On Friday, a group of British MPs will ask President Barack Obama to drop the extradition request against Lauri Love, a 31-year-old computer scientist who faces life in prison if convicted of hacking charges.
Love faces charges related to the hacking of NASA, the Federal Reserve, the U.S. Army and the Missile Defense Agency in late January 2013.
The move to stop his extradition is part of a cross-party effort to intervene in the case and will request that Love, who has Asperger’s Syndrome and severe depression, be allowed to face his charges in the U.K. So far, the correspondence, penned by Conservative Party MP David Burrowes, has been signed in support by over 50 other politicians.
“We have no doubt in mind that there will be potentially fatal consequences if the United States chooses to pursue this extradition and prohibit Mr Love from serving any due sentence in his home country,” the letter, provided to the Daily Dot, argues.
“We would ask you [Obama] to intervene in this case by withdrawing the extradition order and allow his case to be heard in the criminal justice system in the U.K.,” the letter continues. “You would be acting to prevent this vulnerable and mentally unwell man from being placed in a situation where he will most probably take his own life.”
— David Burrowes (@DavidBurrowesUK) October 12, 2016
This radical political intervention comes after a long summer of fighting the extradition by appeal in British courts, supported by the Courage Foundation. In giving evidence, Love’s legal team examined the U.S. prison system and presented a thorough picture of how extradition might harm the alleged hacker’s mental health and physical well-being.
In September, however, the judge ruled that, even as an individual with Asperger’s, Love could be extradited to face the charges.
The verdict marked a devastating failure of the Forum Bar, a British law introduced in 2003 by then-Home Secretary (now Prime Minister) Theresa May. The Forum Bar was there to safeguard vulnerable adults from extradition. It was developed following the case of Gary McKinnon, a Scottish systems administrator with autism who had broken into U.S military and NASA networks looking for evidence of UFOs.
Burrowes, who now vocally leads the political campaign for Love, also represented McKinnon.
“I championed the case of my constituent Gary Mckinnon who fought a 10-year battle against his extradition when he faced similar charges to Lauri Love,” he told the Daily Dot.
“Love’s case seems to have failed the first real test of the Forum Bar and failed the Gary Mckinnon test,” Burrowes said, reflecting on the mechanism that saved McKinnon. “Individuals like Lauri Love should face justice, but it does not need to be at the expense of his life, particularly when other computer hacker cases have been successfully prosecuted in the U.K.”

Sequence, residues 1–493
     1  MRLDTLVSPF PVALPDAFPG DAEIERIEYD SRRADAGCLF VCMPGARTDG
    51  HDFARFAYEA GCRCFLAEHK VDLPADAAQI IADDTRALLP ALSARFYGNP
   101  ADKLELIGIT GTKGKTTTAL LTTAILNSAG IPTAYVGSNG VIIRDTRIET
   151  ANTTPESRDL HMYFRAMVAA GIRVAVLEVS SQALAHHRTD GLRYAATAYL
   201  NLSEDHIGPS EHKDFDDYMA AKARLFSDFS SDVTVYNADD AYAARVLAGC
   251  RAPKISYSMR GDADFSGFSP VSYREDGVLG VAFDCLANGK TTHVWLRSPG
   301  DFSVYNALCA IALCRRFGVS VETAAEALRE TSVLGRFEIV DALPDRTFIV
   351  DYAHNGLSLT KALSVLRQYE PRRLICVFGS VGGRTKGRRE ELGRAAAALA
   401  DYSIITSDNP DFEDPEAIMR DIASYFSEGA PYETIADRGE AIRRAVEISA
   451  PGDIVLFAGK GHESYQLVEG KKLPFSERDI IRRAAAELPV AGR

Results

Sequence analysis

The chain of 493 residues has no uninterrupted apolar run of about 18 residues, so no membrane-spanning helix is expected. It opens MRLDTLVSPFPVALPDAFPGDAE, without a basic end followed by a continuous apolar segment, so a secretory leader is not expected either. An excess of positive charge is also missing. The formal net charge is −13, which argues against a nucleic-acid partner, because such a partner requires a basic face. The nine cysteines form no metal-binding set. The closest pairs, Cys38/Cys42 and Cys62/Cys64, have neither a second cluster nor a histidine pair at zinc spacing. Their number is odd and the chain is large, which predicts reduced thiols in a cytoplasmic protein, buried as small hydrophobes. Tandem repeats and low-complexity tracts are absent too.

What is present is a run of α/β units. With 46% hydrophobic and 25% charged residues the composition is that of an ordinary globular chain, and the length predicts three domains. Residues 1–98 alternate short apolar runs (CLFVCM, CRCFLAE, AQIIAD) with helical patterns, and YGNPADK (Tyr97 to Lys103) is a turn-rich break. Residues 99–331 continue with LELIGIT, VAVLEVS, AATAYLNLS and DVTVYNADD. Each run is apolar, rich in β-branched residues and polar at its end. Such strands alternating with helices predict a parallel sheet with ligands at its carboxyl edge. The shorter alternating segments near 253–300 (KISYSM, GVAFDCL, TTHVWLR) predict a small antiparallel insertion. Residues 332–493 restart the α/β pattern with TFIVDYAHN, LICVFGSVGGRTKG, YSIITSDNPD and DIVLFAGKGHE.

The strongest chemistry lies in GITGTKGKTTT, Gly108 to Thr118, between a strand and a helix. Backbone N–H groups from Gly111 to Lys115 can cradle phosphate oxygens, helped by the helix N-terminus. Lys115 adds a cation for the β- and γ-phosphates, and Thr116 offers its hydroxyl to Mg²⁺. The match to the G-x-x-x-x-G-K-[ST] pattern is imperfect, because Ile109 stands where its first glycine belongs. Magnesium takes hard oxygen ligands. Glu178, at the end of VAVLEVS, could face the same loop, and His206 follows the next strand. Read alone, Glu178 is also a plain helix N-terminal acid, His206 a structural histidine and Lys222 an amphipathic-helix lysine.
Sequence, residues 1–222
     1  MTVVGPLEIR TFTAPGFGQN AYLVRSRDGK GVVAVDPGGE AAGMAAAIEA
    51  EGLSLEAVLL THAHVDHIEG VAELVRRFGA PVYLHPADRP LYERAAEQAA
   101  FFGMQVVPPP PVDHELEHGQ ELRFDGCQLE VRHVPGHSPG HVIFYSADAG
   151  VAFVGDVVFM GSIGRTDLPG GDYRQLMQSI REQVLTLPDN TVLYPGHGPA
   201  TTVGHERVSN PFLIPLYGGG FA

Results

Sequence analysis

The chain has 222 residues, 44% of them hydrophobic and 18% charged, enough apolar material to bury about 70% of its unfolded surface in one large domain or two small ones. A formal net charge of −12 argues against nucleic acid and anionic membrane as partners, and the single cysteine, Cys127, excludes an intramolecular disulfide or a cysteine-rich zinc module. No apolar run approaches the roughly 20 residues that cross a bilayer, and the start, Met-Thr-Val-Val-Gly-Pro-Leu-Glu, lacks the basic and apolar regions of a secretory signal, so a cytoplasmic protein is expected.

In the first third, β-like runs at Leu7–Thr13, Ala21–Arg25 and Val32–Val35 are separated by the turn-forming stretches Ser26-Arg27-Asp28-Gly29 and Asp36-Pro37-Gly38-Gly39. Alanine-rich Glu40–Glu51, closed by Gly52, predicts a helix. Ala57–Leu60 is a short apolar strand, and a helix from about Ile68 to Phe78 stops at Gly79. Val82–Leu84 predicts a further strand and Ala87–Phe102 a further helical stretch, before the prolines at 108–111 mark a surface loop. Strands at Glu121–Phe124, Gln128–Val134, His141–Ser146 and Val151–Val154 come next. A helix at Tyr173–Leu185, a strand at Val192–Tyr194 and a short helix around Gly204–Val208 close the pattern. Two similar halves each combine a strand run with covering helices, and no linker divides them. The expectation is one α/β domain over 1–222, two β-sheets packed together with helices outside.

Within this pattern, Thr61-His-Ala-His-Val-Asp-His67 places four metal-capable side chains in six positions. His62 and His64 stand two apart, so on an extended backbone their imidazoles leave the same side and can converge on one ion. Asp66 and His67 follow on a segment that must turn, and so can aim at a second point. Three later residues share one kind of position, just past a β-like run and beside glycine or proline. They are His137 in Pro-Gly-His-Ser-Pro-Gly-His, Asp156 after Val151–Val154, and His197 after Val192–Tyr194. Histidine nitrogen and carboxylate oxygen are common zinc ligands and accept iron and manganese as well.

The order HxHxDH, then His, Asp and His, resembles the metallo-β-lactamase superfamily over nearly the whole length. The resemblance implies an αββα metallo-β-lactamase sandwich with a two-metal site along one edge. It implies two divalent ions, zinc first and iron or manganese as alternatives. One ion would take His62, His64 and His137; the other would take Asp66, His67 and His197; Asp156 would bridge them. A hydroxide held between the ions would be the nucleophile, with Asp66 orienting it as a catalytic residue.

Love does not entertain the idea that fair sentencing, necessary support services, nor rehabilitation options would be extended to him in the U.S. It is calculated that the charges could amount to a maximum possible sentence of 99 years. Although he would be unlikely to be dealt this, he told the BBC that he feared he would be “bullied” into a plea bargain he “couldn’t refuse” in the U.S and, as a result, be given a lengthy sentence and denied due process.
Either way, it appears Love could face a lifetime in prison in the U.S if prosecuted under the Computer Fraud and Abuse Act (CFAA)—a law that legal reform activists call disproportionate and excessive.
Ironically, CFAA is the very law that Love is alleged to have been protesting. The U.S. government computer systems had been attacked as part of an online protest by hackers called #OpLastResort—a kick-back following the suicide of 26-year-old American internet activist and prodigy Aaron Swartz, co-founder of Reddit and Creative Commons, who took his own life under the pressures of a CFAA prosecution.
The hackers behind #OpLastResort were demanding legal reform, addressing extortionate prison sentencing and the use of plea bargaining.
The letter to Obama emphasizes the sufficiency of the U.K.’s judicial system to not only exhibit justice but engage hacker’s in rehabilitative programs: “The U.K. has prosecuted at least twelve computer hackers who have hacked U.S.-based computer systems. Indeed, Love would be the first UK based computer hacker to be extradited and denied the opportunity to serve his sentence in the U.K.”
Not all legal avenues are exhausted for Love. He can make further representations and may then appeal to the High Court, but this direct political appeal on his behalf is an unexpected opportunity to swiftly bypass the arduous extradition process that is already taking its toll on his health.
Burrowes explained that, quite simply, “the discretion now lies with President Obama to do the compassionate thing and stop the extradition order in the final days of his Presidency.”